Paris 30th May 1791
The devottees love to importune heaven—and every good Citizen seizes, with a delight mingled with the most respectful veneration, every opportunity of recalling himself to your memory. For this purpose no time can be more favorable, I will not say for myself; but for the whole nation, than the moment when a Minister of France, such as M. de Ternant goes to reside with you.
The President of the United States will find in the heart—in the principles—and in the talents of M. Ternant that which he loves, and that which he esteems. Our Revolution, which can be but imperfectly viewed at a distance, goes in this manner to announce its approach to General Washington. The Representative of France has communicative virtues; and it is permitted me to wish, as an individual who neither interferes with, nor is instructed in anything, that they may extend themselves even so far as to have an influence upon the Ancient french Americans, for whom they are framing a Constitution at London. You are not ignorant that to see them even creating one, was one of my most ardent wishes when I was a public man. I am, with respect, Sir, Your very humble & Obedt servt1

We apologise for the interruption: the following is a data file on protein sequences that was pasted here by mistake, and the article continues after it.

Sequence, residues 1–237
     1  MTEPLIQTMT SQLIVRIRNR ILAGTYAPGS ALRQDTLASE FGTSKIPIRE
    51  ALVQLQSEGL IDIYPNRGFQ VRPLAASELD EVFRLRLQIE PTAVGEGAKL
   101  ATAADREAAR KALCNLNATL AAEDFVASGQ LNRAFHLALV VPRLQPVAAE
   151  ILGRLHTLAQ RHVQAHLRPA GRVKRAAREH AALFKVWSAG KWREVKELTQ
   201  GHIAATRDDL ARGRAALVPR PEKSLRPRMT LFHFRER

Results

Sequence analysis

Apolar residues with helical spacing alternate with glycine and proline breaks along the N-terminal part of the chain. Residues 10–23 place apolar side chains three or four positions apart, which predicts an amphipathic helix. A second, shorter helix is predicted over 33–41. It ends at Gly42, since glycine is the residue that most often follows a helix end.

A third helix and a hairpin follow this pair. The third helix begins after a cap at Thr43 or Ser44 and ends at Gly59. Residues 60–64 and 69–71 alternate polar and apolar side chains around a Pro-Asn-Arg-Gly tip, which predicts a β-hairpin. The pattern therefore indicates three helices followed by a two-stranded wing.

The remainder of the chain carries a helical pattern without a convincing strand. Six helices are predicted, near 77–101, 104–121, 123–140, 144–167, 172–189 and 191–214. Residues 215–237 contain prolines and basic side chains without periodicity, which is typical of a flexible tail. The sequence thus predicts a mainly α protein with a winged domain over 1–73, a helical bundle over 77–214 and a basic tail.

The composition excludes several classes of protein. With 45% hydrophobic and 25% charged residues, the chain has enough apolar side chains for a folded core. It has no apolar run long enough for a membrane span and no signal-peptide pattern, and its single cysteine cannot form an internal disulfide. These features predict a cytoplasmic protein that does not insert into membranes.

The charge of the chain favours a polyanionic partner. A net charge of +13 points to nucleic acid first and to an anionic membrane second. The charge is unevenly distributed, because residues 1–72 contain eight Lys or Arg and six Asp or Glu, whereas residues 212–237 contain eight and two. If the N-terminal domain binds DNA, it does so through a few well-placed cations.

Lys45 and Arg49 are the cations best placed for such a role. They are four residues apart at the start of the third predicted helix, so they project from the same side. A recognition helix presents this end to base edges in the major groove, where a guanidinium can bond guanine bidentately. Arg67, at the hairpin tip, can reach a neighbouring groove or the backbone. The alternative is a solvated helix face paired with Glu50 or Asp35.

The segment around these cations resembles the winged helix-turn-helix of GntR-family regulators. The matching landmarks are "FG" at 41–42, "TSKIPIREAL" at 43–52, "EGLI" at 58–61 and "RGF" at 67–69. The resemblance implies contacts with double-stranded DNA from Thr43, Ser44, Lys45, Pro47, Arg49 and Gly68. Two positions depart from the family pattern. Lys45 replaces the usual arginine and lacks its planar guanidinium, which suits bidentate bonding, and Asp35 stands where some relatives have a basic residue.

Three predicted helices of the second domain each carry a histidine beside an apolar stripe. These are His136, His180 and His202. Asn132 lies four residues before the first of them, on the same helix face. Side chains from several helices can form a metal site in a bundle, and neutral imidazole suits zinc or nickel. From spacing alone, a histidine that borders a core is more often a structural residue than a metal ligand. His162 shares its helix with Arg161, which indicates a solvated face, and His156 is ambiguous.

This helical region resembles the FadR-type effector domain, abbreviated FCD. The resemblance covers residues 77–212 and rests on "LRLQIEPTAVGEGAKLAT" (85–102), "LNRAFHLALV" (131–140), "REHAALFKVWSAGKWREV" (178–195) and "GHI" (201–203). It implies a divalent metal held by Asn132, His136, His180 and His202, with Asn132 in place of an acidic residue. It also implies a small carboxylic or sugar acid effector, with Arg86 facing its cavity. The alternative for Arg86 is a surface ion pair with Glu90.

Translation, DLC:GW; ALS, in French, PHi: Gratz Collection. Receiver’s copy transcribed for CD-ROM:GW.